By  on May 9, 2008

The Estée Lauder Cos. Inc. was the big winner at the 14th annual Cosmetics Executive Women Beauty Awards ceremony last Friday at the Waldorf-Astoria hotel, taking home seven statuettes, compared with four awards for Procter & Gamble Co. and three for L'Oréal.

Elana Drell-Szyfer, senior vice president of global marketing for Estée Lauder, remarked, "I feel like we're old friends at this point," as she picked up the Lauder brand's fourth and final award of the afternoon.

Terry Darland, general manager of Parfums Christian Dior, North America, was to the point: "There is going to be a heck of a party at the Dior offices this afternoon."

However, Jill Scalamandre, chief marketing officer of Chrysallis Inc., found herself in an odd "bittersweet" position of accepting an award for Frédéric Fekkai, a brand that Chrysallis had just sold and passed on to Procter & Gamble with the knowledge that it will be in good hands.

CEW raised the competitive bar by making the entry requirements stricter as part of a collaboration with The NPD Group. One of the major changes made to this year's presentation was to delineate product categories as "mass" or prestige, rather than by price point, as in years past. And there were fewer of them — 27 categories, compared with last year's 34. Some changes made this year included removing the Nail Care & Color category, as well as streamlining the Scent and Acne categories to Men's Scent, Women's Scent and Acne Treatment, so there is no division between mass and prestige. The same thing was applied to the facial skin care categories. The Lip Treatment and Peel and Mask subcategories were both removed. The men's product category has changed from Men's Skin Care to Men's Grooming to allow for more general men's products.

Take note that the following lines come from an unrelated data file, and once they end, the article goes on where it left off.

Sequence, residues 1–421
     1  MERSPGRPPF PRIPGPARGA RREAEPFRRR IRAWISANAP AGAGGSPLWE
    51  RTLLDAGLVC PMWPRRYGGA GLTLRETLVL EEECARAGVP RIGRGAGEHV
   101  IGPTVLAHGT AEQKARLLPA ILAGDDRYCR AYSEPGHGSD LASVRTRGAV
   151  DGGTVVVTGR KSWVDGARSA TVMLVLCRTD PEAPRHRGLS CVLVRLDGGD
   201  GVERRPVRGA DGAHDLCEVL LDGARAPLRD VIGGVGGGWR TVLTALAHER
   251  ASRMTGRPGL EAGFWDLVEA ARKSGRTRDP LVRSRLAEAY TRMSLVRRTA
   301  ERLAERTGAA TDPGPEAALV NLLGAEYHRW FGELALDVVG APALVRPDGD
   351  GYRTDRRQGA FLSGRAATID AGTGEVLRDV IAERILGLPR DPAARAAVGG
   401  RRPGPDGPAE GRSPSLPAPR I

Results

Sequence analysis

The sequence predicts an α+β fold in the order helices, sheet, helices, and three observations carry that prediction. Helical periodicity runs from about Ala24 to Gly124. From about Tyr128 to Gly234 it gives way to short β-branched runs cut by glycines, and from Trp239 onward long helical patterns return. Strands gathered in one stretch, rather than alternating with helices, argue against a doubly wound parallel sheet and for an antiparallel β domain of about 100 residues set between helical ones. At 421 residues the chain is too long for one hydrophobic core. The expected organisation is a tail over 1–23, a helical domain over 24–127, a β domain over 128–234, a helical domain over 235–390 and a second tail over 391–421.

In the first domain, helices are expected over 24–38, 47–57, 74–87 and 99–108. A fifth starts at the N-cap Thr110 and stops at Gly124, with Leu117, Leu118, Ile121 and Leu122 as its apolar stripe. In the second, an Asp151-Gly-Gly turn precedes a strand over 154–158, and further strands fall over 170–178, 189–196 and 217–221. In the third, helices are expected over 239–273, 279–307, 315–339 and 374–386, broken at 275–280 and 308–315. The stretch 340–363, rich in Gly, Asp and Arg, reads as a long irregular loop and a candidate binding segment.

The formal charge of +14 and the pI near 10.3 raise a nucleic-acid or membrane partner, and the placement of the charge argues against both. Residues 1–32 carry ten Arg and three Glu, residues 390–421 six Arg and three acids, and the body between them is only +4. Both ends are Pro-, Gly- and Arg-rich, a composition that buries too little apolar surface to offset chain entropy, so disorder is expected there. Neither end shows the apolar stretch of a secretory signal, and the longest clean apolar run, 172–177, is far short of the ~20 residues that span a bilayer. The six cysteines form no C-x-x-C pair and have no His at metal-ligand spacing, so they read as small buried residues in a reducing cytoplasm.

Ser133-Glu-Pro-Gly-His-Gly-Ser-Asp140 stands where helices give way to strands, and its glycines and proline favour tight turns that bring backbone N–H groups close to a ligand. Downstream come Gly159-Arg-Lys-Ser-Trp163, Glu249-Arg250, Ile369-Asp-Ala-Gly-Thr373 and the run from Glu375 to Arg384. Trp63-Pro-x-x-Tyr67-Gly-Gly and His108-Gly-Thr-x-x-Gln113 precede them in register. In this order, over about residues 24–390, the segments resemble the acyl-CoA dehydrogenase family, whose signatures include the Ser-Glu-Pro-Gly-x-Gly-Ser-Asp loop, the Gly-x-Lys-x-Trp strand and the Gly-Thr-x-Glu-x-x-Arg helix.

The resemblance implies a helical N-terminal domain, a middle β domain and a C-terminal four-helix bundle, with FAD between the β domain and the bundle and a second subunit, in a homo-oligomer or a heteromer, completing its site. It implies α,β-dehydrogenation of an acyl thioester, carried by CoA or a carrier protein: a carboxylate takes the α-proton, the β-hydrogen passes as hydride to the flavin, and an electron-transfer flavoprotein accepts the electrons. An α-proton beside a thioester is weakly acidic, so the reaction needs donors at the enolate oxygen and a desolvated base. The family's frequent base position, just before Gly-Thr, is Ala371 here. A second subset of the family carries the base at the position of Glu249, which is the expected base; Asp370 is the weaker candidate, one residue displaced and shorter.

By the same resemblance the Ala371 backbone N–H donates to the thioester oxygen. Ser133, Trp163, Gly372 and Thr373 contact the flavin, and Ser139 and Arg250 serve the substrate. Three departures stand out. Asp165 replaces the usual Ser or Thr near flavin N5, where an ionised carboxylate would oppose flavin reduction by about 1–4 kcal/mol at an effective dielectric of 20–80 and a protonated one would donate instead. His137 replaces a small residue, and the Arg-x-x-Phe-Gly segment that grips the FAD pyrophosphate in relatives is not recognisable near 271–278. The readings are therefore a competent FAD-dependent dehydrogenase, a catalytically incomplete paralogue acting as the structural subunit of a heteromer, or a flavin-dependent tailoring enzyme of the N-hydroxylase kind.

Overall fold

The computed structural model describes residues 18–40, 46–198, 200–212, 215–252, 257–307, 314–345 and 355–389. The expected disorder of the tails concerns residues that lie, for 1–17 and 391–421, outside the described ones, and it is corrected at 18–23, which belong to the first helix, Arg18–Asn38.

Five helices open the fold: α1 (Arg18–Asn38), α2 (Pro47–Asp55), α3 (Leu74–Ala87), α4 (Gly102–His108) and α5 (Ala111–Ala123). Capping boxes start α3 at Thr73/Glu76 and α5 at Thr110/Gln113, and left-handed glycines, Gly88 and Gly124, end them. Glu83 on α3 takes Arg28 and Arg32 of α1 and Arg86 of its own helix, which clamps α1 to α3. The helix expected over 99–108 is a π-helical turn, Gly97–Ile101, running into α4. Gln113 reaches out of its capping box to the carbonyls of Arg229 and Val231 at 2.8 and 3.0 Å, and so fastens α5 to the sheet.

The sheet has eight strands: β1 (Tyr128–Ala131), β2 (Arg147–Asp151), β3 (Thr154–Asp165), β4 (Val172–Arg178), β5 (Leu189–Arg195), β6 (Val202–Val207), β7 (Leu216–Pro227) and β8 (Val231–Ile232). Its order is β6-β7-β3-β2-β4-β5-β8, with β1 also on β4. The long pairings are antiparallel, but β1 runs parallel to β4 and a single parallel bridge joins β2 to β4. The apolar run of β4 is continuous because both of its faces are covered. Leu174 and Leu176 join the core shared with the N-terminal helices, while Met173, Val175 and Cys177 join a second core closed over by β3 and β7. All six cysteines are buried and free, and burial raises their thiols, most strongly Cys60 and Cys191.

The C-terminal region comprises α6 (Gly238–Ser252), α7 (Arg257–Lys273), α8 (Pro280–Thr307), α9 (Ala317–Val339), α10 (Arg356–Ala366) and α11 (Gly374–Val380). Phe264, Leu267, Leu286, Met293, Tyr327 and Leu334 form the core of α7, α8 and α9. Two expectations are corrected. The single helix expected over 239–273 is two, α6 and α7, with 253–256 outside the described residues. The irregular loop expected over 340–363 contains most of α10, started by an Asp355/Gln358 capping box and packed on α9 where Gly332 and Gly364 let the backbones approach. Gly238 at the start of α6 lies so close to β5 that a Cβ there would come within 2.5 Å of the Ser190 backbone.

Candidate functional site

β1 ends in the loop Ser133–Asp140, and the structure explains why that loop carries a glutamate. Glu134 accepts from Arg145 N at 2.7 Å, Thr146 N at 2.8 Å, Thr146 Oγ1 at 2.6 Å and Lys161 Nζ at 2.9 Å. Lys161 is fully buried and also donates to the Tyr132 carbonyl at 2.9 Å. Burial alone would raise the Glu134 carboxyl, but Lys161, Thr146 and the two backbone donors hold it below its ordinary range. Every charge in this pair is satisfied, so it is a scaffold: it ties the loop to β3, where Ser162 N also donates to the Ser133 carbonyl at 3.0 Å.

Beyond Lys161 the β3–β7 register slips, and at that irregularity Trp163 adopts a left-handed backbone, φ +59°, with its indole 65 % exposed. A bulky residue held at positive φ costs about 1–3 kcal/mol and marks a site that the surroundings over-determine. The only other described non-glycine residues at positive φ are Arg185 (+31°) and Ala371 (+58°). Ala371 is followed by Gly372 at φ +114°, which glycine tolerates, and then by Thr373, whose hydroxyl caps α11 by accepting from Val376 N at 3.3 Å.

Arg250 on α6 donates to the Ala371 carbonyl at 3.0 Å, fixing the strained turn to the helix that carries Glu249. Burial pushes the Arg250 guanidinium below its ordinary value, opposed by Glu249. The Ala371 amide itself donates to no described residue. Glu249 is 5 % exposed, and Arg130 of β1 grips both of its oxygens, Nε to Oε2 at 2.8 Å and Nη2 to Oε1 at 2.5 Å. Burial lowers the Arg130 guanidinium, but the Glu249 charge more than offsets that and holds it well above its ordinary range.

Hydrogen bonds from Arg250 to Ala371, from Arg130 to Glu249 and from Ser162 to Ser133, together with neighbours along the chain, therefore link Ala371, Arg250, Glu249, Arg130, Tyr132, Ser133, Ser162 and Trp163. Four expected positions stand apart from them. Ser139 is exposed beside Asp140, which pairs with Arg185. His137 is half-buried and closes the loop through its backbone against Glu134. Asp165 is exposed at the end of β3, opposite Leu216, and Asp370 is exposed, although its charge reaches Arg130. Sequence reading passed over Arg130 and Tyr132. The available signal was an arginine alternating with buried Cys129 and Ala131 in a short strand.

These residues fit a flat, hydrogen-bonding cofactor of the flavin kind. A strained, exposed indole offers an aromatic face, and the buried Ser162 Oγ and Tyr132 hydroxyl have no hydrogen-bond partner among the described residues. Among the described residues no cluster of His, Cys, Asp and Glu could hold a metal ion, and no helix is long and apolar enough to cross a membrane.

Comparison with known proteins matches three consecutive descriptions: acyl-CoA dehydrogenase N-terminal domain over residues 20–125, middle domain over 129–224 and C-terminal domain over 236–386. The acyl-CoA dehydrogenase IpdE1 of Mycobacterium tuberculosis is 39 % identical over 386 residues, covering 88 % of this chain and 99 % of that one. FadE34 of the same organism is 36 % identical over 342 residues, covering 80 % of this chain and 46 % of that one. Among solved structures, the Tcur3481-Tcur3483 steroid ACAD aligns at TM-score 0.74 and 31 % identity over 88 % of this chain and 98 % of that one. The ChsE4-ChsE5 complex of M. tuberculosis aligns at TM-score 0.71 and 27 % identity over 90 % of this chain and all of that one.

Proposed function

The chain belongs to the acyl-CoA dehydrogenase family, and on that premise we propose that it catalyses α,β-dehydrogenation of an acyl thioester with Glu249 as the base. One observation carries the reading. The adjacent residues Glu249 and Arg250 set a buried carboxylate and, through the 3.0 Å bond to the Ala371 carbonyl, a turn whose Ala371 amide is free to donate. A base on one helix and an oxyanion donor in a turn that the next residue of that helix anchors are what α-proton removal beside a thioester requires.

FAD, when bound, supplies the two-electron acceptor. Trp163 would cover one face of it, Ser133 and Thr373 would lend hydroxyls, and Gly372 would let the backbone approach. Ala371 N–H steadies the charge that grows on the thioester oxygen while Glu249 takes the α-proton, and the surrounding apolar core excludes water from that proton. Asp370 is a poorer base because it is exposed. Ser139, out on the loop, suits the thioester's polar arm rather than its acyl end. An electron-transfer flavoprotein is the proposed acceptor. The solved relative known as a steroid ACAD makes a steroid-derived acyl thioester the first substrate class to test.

"The NPD Group has helped align our categories with what's happening in the marketplace," stated Carlotta Jacobson, CEW president.

"Sex and the City" star Mario Cantone hosted the award ceremonies for the third year in a row.

There was a tie for Best Indie Startup that went to Betty Beauty Inc. and Clark's Botanicals. While the Women's Prestige Fragrance award went to Marc Jacobs Fragrances' Daisy Marc Jacobs, Men's Scent went to Bond No. 9 New York's Andy Warhol Silver Factory.In facial skin care, Bare Escentuals RareMinerals Blemish Therapy won for acne treatment. Antiaging in the mass category went to Olay Regenerist Micro-Sculpting Cream, while Shiseido Cosmetics Ltd. won in the prestige category for Bio-Performance Intensive Skin Corrective Program. In the cleanser and scrub category for mass, Dove won for its SkinVitalizer. For prestige, Philosophy's Microdelivery Micro-Massage Exfoliating Wash took the honors.

For eye treatments in mass, it was Olay Regenerist Eye Derma-Pod Anti-Aging Triple Response System, and for prestige, Estée Lauder Future Perfect Anti-Wrinkle Radiance Eye Creme won. In the moisturizer category, L'Oréal Paris Revitalift UV Daily Moisturizing Cream with Mexoryl SX won, while Estée Lauder Hydra Bright Skin-Tone Perfecting Moisturizer took home the prestige award.

In the hair care and coloring category, Garnier Fructis Style Sleek & Shine Anti-Humidity Hairspray won for best mass product, while Frédéric Fekkai Coiff Contrôle Ironless Straightening Balm won in the prestige segment.